Materials for making nengajō

The end of December and the beginning of January are the busiest times for the Japanese post offices. The Japanese have a custom of sending New Year's Day postcards (年賀状 nengajō?) to their friends and relatives. It is similar to the Western custom of sending Christmas cards. Their original purpose was to give your faraway friends and relatives tidings of yourself and your immediate family. In a manner of speaking, this custom existed for people to tell others whom they did not often meet that they were alive and well. Image File history File linksMetadata NengajoM1020. ... Image File history File linksMetadata NengajoM1020. ... For the record label, see Postcard Records. ... Christmas is an annual holiday that celebrates the birth of Jesus. ...


Japanese people send these postcards so that they arrive on the 1st of January. The post office guarantees to deliver the greeting postcards by the first of January if they are posted within a time limit, from mid-December to near the end of the month and are marked with the word nengajo. In order to deliver these cards on time, the post office usually hires students part-time to help deliver the letters.


It is customary not to send these postcards when one has had a death in the family during the year. In this case, a simple postcard is sent instead to inform friends and relatives that they should not send joyful New Year's cards, in order to show respect for the deceased.


People get their nengajō from many sources. Stationers sell preprinted cards. Many of these have the Chinese zodiac sign of the New Year as their design, or conventional greetings, or both. The Chinese zodiac has a cycle of 12 years. Each year is represented by an animal. The animals are, in order: mouse, cow, tiger, rabbit, dragon, snake, horse, sheep, monkey, rooster, dog, and pig. Last year, 2006, was the year of the dog; this year, 2007, is the year of the pig. For 2006, famous dogs like Snoopy and other cartoon characters were especially popular. Chinese astrology (占星術 pinyin: zhan4 xing1 shu4; 星學 pinyin: xing1 xue2; 七政四餘 pinyin: qi1 zheng4 si4 yu2; and 果老星宗 pinyin: guo3 lao3 xing1 zong1) is related to the Chinese calendar, particularly its 12-year cycle of animals (aka Chinese Zodiac), and... For other uses, see Pig (disambiguation). ... For the American rapper, see Snoop Dogg. ...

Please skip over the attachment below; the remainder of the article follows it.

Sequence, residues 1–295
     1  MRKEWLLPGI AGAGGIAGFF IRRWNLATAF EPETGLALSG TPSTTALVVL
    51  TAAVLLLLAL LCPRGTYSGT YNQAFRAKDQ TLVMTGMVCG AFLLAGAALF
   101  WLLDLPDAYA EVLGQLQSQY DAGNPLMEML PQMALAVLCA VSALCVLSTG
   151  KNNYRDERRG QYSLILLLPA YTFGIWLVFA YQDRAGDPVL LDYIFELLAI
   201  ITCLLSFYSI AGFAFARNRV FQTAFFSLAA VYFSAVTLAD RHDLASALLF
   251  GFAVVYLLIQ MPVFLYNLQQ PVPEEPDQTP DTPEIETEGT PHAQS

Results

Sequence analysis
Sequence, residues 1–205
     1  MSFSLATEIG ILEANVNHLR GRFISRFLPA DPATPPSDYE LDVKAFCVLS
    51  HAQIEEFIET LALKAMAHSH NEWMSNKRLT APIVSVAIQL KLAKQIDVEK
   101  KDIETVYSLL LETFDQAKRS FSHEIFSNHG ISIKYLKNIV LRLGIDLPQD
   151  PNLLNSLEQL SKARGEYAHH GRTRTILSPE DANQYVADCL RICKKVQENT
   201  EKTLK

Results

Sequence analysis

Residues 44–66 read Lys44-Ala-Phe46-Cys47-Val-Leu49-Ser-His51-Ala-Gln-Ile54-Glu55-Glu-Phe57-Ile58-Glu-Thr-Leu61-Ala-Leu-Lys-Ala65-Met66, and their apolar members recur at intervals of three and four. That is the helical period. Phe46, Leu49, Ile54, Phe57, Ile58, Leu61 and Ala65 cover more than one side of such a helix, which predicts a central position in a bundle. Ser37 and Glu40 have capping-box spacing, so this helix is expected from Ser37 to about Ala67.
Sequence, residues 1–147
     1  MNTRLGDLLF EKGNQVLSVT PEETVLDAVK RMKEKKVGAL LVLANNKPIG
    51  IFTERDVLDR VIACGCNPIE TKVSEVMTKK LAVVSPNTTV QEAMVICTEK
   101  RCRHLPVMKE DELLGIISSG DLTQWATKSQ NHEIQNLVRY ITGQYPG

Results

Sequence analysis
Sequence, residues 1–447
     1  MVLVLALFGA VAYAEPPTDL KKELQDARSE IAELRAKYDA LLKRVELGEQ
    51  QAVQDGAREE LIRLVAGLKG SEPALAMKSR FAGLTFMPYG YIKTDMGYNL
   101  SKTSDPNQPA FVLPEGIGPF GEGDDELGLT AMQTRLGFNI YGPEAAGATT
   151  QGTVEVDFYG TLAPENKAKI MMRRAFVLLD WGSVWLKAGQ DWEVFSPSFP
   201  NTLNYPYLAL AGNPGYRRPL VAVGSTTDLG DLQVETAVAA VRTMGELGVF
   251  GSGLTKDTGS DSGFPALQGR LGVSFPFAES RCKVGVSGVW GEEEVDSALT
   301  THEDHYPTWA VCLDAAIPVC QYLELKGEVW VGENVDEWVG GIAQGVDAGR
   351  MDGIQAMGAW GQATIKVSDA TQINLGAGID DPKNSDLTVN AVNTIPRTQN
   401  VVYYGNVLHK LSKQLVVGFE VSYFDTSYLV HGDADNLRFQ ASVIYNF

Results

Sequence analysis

The postcards may have spaces for the sender to write a personal message. Blank cards are available, so people can hand-write or draw their own. Rubber stamps with conventional messages and with the annual animal are on sale at department stores and other outlets, and many people buy fountain brushes for personal greetings. Special printing devices are popular, especially among people who practice crafts. Software also lets artists create their own designs and output them using their computer's color printer. Because a gregarious individual might have hundreds to write, print shops offer a wide variety of sample postcards with short messages so that the sender has only to write addresses. Even with the rise in popularity of email, the nengajō remains very popular in Japan.


Conventional nengajō greetings include:

  • kotoshi mo yoroshiku o-negai-shimasu (今年もよろしくお願いします?) I hope for your favour again in the coming year
  • (shinnen) akemashite o-medetō-gozaimasu ((新年)あけましておめでとうございます?) Happiness to you on the dawn (of a New Year)
  • kinga shinnen (謹賀新年?) Happy New Year
  • shoshun (初春?) literally "early spring"

Otoshidama

Pouch for giving otoshidama, called otoshidama-bukuro (お年玉袋).
Pouch for giving otoshidama, called otoshidama-bukuro (お年玉袋).

On New Year's Day, Japanese people have a custom of giving pocket money to children, which is a custom from China. This is known as otoshidama (お年玉). It is handed out in small decorated envelopes called 'pochibukuro', descendants of the Chinese red packets. In the Edo period, large stores and wealthy families gave out a small bag of mochi and a Mandarin orange to spread happiness all around. The amount of money given depends on the age of the child but is usually the same if there is more than one child so that no one feels slighted. Image File history File linksMetadata Download high-resolution version (1600x1200, 688 KB) File links The following pages on the English Wikipedia link to this file (pages on other projects are not listed): Japanese New Year Metadata This file contains additional information, probably added from the digital camera or scanner used... Image File history File linksMetadata Download high-resolution version (1600x1200, 688 KB) File links The following pages on the English Wikipedia link to this file (pages on other projects are not listed): Japanese New Year Metadata This file contains additional information, probably added from the digital camera or scanner used... Some examples of contemporary hong bao designs. ... The Edo period ), also called Tokugawa period, is a division of Japanese history running from 1603 to 1868. ... Rice Cake Pounding mochi in an usu Making mochi with a modern piece of equipment Mochi (Japanese: ; Chinese: ) is a Japanese rice cake made of glutinous rice pounded into paste and molded into shape. ... Binomial name Citrus reticulata The Mandarin orange or mandarin is a small citrus tree (Citrus reticulata) with fruit resembling the orange. ...